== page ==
Music and Nature: Between Scientific Reason and Divine Power

The Stony Brook University Music Department announces its Fourth Annual Graduate Student Symposium, to be held February 14-15, 2014.

The symposium will feature a keynote address by Holly Watkins (Eastman School of Music), as well as the Stony Brook Symphony Orchestra concert with works by Richard Strauss, Hindemith and Bartòk.

Music has always involved nature by imitating its sounds, referring to it in texts set by composers, and more recently by means of recording technology. As environmental awareness has become more widespread, an increasing number of musicological works have engaged with ecological questions.

Since Ancient Greece, thought about music has considered its relationships to nature, as both philosophy and physics were concerned with the nature of musical sound. The concept of nature itself has been constantly changing throughout history and Aristotle’s idea that understanding of nature involves understanding of change is still valid today. The broad conception of nature includes the essential quality of things, the inherent force that directs either the world or humans, and the material world itself.

We welcome the Symposium participants to explore these various conceptions of nature and how they relate to historical, social, philosophical and scientific manifestations in music, and also invite composers to share of their works that involve sounds of nature. The topics may include, but are not limited to:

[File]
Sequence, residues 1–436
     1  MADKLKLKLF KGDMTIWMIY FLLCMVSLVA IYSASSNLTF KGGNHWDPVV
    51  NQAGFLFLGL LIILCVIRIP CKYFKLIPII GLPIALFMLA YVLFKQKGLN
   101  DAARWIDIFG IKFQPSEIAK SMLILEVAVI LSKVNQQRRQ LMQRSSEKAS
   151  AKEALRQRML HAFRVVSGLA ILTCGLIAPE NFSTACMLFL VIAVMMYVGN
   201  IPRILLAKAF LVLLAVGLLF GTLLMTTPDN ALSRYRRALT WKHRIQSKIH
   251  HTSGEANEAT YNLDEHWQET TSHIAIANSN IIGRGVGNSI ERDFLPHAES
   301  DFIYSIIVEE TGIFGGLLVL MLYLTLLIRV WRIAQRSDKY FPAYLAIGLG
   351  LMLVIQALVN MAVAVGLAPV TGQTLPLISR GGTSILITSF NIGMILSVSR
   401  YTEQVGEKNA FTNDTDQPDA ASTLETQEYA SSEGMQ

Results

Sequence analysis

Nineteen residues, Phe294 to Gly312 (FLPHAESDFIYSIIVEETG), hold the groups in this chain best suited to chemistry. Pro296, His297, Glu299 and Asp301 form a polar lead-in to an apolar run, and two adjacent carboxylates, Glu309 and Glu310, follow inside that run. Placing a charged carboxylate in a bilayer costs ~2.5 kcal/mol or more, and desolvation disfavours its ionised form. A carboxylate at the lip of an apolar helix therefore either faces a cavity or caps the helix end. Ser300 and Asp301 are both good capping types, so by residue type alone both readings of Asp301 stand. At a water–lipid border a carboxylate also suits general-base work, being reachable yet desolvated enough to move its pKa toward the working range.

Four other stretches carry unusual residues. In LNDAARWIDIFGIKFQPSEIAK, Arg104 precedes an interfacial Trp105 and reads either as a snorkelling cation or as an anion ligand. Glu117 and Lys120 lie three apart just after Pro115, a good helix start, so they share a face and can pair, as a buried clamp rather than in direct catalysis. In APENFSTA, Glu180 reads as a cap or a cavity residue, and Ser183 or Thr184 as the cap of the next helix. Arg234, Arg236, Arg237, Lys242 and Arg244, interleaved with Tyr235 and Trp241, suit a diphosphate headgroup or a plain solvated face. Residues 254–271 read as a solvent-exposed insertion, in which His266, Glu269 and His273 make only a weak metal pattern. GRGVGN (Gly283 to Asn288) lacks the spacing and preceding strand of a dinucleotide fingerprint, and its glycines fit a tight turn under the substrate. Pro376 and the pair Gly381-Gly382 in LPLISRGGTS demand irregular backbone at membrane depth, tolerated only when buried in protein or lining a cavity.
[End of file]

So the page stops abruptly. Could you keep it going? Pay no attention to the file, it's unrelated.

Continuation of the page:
• musical depictions of nature and supernatural;
• natural beauty versus artificial artworks;
• acoustics and the nature of musical sound;
• naturalistic music theories;
• the “natural genius” or cults of genius;
• performing in a natural way;
• gender, sexuality, and revealing human nature in music;
• nature versus industry at the age of modernity;
• sounds of nature in electronic works;
• sound studies in the era of changing technology;
• acoustemology, local musical ecology and soundscape;
• political ecology in musical works;
• bodily engagement in music experience.
We invite submissions of 250-word abstracts for 20-minute papers, 30-minute composer presentations and 40-minute lecture recitals. Proposals for composer talks should include a description of the proposed work and a short biography.

Please submit proposals to musicgradsymposium@stonybrook.edu by Friday, December 6 2013. Stony Brook (NY, US) is accessible via JFK and MacArthur Airport, the Long Island Rail Road, and the Bridgeport/Port Jefferson ferry. Housing with Stony Brook graduate students may be available for presenters staying overnight. For more information, please visit http://sbugradsymposium.blogspot.com

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